No commercial endorsements. This used to be a given in journalism ethics. A critic must be especially vigilant. If you express approval of a product, you must sincerely believe what you are saying. How will we know you’re sincere? Because you have (1) accepted no money, (2) or donated the money to a charity, and (3) have not accepted a free example of the product, except in such cases as foodstuffs, where the difficulties are apparent. You gotta eat ’em to review ’em. The Sun-Times has a policy: All Christmas gifts must be returned, except for perishables like papayas, etc. Candy is not a perishable. Neither, to the incredulity of many reporters, is liquor. Back to endorsements. Were I to recommend, say, a rice cooker, that must not imply I obtained it for free, or that 100 lb. sacks of rice were being dropped at my door. I mention this because I may be compelled to recommend a rice cooker in the very near future, in defense of my Who’s Who entry, which claims I can cook almost anything in a rice cooker.
No advertisements. Gene Siskel, who I frequently quote as a fierce paragon of high standards, used to quote what someone, maybe it was David Mamet, told him: "As a critic, everything you say depends on your credibility. When you sell that, somebody else owns it." Gene and I (regretfully) turned down offers in the extremely low seven figures from a fast food chain and an airline. "After we retire, then it would be okay," we speculated. Even then, maybe not. Look at Fred Astaire. How many people thought they were paying him for their dance lessons? They look at "Swing Time" on TCM, and say, "There’s that bastard who overcharged me for the mambo."
The emphasis of Mamet’s quote is mine. Fact is, Feinberg is being paid by BP to run the Fund, and being paid by BP to promote the Fund. That’s enough to create the appearance of impropriety.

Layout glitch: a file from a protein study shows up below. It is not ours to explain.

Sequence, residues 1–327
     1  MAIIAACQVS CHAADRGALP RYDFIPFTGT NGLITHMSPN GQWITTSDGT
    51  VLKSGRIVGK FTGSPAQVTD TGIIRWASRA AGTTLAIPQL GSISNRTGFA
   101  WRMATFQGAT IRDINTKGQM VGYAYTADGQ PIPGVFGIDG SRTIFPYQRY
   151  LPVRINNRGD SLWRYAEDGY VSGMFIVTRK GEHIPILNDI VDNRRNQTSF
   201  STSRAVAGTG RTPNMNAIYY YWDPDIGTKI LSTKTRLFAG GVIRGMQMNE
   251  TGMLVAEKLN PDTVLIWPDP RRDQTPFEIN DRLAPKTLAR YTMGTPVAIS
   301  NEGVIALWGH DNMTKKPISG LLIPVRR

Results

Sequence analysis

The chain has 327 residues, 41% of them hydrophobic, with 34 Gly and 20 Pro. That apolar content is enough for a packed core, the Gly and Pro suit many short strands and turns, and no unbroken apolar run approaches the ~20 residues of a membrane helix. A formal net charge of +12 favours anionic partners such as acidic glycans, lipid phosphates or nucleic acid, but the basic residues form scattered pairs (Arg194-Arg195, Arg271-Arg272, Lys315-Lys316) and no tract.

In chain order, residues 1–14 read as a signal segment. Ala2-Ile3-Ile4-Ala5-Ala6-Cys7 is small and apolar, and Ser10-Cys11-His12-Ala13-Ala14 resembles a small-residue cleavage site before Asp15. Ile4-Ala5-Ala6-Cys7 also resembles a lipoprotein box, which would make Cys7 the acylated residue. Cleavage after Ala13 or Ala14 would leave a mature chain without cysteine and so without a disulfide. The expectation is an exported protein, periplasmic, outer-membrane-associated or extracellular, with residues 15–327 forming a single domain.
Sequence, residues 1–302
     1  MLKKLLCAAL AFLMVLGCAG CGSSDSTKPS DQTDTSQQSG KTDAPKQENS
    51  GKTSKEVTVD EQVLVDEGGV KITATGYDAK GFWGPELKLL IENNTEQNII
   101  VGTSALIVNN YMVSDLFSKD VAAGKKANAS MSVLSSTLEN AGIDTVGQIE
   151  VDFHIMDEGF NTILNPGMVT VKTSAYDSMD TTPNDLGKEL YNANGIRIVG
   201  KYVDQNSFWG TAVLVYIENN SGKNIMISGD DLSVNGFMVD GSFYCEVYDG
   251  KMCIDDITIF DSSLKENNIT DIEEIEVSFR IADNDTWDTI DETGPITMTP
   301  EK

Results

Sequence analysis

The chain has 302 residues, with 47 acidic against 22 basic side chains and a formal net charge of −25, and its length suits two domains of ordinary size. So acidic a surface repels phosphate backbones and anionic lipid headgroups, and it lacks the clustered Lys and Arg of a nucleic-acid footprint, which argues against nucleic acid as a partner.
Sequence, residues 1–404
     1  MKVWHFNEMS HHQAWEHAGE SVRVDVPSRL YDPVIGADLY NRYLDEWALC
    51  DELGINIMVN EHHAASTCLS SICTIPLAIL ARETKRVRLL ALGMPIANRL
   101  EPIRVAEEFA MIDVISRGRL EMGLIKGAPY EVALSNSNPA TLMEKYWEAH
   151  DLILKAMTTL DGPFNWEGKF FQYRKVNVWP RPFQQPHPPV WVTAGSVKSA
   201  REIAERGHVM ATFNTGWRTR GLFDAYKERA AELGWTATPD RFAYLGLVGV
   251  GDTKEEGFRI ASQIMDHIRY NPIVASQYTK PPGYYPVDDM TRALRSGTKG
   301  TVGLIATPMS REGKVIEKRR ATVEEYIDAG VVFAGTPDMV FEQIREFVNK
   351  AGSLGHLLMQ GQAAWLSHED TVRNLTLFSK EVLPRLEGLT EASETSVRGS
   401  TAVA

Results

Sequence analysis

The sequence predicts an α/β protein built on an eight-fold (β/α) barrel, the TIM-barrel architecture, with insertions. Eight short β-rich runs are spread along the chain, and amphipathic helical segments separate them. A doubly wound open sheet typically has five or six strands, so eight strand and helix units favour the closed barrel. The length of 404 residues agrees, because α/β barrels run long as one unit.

Among judges, it is unnecessary to demonstrate the reality of impartiality; the paramount concern is the appearance of impropriety:
The goal of section 455(a) is to avoid even the appearance of partiality. If it would appear to a reasonable person that a judge has knowledge of facts that would give him an interest in the litigation then an appearance of partiality is created even though no actual partiality exists because the judge does not recall the facts, because the judge actually has no interest in the case or because the judge is pure in heart and incorruptible. The judge’s forgetfulness, however, is not the sort of objectively ascertainable fact that can avoid the appearance of partiality. Hall v. Small Business Administration, 695 F. 2d 175, 179 (5th Cir. 1983). Under section 455(a), therefore, recusal is required even when a judge lacks actual knowledge of the facts indicating his interest or bias in the case if a reasonable person, knowing all the circumstances, would expect that the judge would have actual knowledge." 796 F. 2d, at 802.
Liljeberg v. Health Services Acquisition Corp., 486 US 847, 860-862 (1988)(quoting the Second Circuit).
So it goes with Ken Feinberg.
What will it take to fix that? Personally, I don’t think we need to know every detail, but we do need to know more.
I don’t need to know exactly how much he is being paid, but I do want to know if it is (a) hourly or fixed and (b) if it is significantly above or below his normal rate. Those two elements could, potentially, create an incentive either to draw out the work or to hurry through the claims to get back to his more profitable work.
Do I think he will do that? No, but that’s not the issue: the issue is if it appears that his judgment could be affected by his compensation, and I think it’s fair to say such an appearance exists. The victims of the spill — the ones who are being asked to trust his judgment — deserve to know a little more before they sign on.